'I'm Not a Good Enough Dad.' Men Get Postpartum Depression Too

From TIME - November 8, 2017

Jarrid Wilson, a pastor and author in Nashville, was beyond excited when he learned that he and his wife were expecting their first child. Ive wanted to be a dad since I was little, Wilson says. But in the months after his son was born in 2015, he was overwhelmed with emotionsmany of them negative.

My wife had this immediate connection with this baby that had been in her womb, and for me I was just now meeting this child, and realizing that our entire life was changing, he says. It was a weird scenario because obviously I loved our baby, but there was a disconnect. I had all these thoughts that I dont deserve this, that Im not a good enough dad, that Ill never measure up.

Wilson says he withdrew from his wife and son, always worrying that he would do something wrong or somehow harm the baby. The new dad had struggled with depression after a traumatic injury in his teens, and he recognized the signs. When his son was about four months old, he reached out to a counselor.

We all need someone in our lives who can give us an unbiased opinion, and my counselor was able to help me grasp what was really going on, he says. Taking antidepressant medication also helped, as did his strong faith, and he has since shared his experience publicly in an effort to help other men. Earlier this year, Wilson appeared on an episode of TLCs Outdaughtered, to speak with the reality shows star, Adam Busby. Busbyfather to a 6-year-old daughter and 2-year-old quintupletsrevealed on the show that he had also been struggling with paternal postpartum depression.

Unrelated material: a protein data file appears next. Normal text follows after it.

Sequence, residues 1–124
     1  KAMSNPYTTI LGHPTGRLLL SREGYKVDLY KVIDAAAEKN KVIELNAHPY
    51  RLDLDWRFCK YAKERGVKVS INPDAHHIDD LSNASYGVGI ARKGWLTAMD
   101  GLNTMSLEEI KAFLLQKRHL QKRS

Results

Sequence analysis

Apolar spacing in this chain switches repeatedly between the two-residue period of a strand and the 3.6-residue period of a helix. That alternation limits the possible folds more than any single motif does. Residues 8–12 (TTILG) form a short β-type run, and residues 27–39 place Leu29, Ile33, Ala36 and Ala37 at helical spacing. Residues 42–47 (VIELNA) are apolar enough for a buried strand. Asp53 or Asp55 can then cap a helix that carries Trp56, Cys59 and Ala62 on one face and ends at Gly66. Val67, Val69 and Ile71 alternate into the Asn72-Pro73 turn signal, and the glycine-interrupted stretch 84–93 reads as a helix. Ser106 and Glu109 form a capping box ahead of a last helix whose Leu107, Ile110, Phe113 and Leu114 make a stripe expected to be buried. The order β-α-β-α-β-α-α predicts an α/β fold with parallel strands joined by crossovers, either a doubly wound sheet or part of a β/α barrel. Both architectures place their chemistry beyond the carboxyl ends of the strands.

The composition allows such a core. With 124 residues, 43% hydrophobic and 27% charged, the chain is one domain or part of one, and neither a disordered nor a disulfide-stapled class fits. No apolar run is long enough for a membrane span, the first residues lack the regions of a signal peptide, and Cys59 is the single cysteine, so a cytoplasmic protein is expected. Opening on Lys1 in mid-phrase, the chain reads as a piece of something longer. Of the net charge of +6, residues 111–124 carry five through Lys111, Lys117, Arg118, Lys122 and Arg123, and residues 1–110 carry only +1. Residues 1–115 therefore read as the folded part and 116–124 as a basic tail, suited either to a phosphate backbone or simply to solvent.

Although postpartum depression in men doesnt make the news (or the reality TV circuit) as often as it does in women, the illness is common among new parents. In fact, according to a new Swedish study, it likely affects more new dads than previous studies have estimated. And because new dads arent screened for depression the way new moms are, the authors say, they may be at higher risk of their condition going untreated.

The new study, published in the Scandinavian Journal of Psychology, cites a 2016 meta-analysis that identified just over 8% of men as suffering from postpartum depression within the first year of a childs birth. Rates for women have been estimated at 13 to 19%, but according to the American Psychological Association, experts suspect the disease is still vastly underdiagnosed.

For men, the prevalence of paternal postpartum depression varies considerably from study to study, the authors note, and has even been reported as high as 25% in the three to six months after a babys birth. The fact that there is no universal assessment for postpartum depression in menand no consensus as to how, exactly, the condition should be definedlikely contributes to these discrepancies.

Many of the same factors that contribute to postpartum depression in women can also trigger it in men, experts sayincluding exhaustion, a dramatically changed lifestyle and increased demands on new parents time, energy and finances. Men also go through hormonal changes after becoming fathers, although not as significantly as women do.

Through interviews with 447 new fathers in Sweden, the researchers found that the standard postpartum depression questionnaire used for women did not capture symptoms that are especially common in men, such as irritation, restlessness, low stress tolerance and lack of self-control. On top of that, they note, most new dads arent screened for depression at all: In most countries, they are not even asked how they feel, says Elia Psouni, associate professor of developmental psychology at Lund University.


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